Germany’s construction minister, Horst Seehofer, wants to help protect tenants by making it more difficult to convert rental apartments into condominiums, Frankfurter Allgemeine Zeitung reported.
Seehofer is proposing to introduce a threshold of at least two-thirds of the flats in an apartment building having to be sold to tenants or their family members for any conversion plan to gain government approval, the newspaper said. Tenants in Germany have a right of first refusal if an apartment building is divided into condominiums.
In Berlin, legislators have imposed a rent freeze for five years after a property boom caused rents to double over the past decade, but property owners have asked Germany’s highest court to overturn the move. Researchers at the Ifo Institute in February warned that such restrictions would encourage landlords to withdraw properties from the rental market when they become vacant and sell them as condominiums.
As many people do not have the money to buy the apartments they live in, tenants are protected against eviction for at least three years after a conversion.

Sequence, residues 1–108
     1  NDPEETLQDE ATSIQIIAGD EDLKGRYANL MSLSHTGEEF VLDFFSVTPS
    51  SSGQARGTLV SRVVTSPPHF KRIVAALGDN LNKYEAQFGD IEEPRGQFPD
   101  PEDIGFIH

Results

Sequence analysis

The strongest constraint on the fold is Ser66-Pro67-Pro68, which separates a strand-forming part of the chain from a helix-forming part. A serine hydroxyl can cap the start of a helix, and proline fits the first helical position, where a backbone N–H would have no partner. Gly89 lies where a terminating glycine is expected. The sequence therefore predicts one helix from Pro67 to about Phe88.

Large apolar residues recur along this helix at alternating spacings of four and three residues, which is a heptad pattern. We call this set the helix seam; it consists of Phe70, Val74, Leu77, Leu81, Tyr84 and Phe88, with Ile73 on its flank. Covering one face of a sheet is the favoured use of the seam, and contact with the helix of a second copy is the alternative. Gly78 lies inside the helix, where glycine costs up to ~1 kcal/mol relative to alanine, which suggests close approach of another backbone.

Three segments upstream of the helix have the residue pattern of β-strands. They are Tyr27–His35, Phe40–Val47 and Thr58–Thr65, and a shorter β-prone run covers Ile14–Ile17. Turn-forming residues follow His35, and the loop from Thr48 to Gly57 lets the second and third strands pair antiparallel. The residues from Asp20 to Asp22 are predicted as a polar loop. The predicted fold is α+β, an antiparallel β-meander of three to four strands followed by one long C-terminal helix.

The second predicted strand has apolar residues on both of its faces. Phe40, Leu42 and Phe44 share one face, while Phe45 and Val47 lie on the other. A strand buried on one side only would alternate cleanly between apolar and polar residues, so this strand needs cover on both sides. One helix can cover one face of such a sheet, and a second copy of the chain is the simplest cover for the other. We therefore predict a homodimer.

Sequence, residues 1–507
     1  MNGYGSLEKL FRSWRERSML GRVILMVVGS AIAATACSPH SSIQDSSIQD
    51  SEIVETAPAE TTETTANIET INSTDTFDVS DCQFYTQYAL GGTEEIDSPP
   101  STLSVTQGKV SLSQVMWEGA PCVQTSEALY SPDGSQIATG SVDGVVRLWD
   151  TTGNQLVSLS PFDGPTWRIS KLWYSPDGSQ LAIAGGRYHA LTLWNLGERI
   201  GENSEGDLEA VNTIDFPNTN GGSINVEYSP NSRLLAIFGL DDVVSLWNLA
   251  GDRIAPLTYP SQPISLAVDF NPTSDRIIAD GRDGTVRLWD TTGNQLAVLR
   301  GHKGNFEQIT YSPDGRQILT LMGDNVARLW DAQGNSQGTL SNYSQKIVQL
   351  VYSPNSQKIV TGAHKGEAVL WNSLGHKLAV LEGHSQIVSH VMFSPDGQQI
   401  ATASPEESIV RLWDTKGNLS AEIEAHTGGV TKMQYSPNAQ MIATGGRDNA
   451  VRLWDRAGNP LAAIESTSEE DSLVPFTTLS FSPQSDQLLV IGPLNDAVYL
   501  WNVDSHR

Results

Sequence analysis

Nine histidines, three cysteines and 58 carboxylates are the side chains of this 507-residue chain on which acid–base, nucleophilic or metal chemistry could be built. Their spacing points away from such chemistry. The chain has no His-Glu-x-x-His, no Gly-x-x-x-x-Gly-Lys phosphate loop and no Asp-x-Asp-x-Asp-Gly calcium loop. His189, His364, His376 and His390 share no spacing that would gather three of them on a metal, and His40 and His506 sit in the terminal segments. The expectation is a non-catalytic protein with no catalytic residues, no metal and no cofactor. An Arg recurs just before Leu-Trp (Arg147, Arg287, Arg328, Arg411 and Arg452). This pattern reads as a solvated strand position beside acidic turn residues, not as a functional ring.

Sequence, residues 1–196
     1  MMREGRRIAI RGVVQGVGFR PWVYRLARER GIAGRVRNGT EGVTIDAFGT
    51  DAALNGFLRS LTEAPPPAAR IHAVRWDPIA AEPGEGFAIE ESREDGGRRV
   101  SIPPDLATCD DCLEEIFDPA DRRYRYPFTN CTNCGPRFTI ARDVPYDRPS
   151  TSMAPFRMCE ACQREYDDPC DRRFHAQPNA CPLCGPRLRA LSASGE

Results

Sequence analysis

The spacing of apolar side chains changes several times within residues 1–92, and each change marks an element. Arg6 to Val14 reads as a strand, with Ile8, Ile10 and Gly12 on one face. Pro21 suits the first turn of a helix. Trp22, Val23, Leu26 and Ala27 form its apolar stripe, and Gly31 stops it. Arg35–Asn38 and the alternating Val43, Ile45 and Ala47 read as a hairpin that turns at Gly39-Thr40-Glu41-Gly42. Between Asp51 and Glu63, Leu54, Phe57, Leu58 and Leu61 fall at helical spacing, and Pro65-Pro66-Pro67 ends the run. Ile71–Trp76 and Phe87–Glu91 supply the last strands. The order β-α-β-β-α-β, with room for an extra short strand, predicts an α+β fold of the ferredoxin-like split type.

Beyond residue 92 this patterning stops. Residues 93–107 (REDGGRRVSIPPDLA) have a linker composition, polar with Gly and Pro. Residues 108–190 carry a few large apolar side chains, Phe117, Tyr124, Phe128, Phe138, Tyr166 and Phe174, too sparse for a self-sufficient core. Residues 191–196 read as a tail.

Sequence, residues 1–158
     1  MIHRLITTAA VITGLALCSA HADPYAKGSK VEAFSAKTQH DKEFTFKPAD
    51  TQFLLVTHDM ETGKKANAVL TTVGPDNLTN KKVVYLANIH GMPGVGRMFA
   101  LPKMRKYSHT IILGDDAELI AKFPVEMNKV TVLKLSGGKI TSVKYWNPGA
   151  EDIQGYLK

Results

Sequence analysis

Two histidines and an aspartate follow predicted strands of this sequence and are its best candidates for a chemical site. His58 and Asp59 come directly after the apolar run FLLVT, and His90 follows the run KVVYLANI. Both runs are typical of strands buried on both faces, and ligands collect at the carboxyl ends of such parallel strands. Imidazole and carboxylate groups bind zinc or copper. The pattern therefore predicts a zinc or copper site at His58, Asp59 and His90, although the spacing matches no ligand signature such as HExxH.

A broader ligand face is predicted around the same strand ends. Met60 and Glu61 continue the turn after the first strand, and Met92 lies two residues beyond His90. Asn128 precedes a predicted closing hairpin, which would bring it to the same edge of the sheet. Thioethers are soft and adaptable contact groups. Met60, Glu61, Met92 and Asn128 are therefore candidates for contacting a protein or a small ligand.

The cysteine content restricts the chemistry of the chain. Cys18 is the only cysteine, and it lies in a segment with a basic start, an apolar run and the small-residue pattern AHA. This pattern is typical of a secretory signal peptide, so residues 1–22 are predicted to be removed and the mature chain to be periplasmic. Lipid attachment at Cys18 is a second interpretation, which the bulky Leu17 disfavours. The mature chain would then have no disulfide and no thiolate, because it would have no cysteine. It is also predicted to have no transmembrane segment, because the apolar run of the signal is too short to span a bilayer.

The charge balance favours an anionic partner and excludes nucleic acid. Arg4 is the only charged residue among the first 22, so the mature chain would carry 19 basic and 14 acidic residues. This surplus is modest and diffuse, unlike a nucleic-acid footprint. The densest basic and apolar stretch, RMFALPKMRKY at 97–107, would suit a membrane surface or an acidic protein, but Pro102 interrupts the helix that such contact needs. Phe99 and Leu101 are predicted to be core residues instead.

The bill, proposed by Chancellor Angela Merkel’s ally from Bavaria’s Christian Social Union, also obliges owners of undeveloped land to build residential properties. In the future, cities and municipalities would be able to insist that one or more residential buildings are part of a development, if the plan allows for it and the area in question has a tight housing market.
Within Germany’s governing coalition Seehofer’s plans are controversial. Lawmaker Jan-Marco Luczak from Merkel’s Christian Democrats said property formation must remain a central element of government policy. Real estate lobby group GdW said the planned changes wouldn’t help to accelerate the planning process.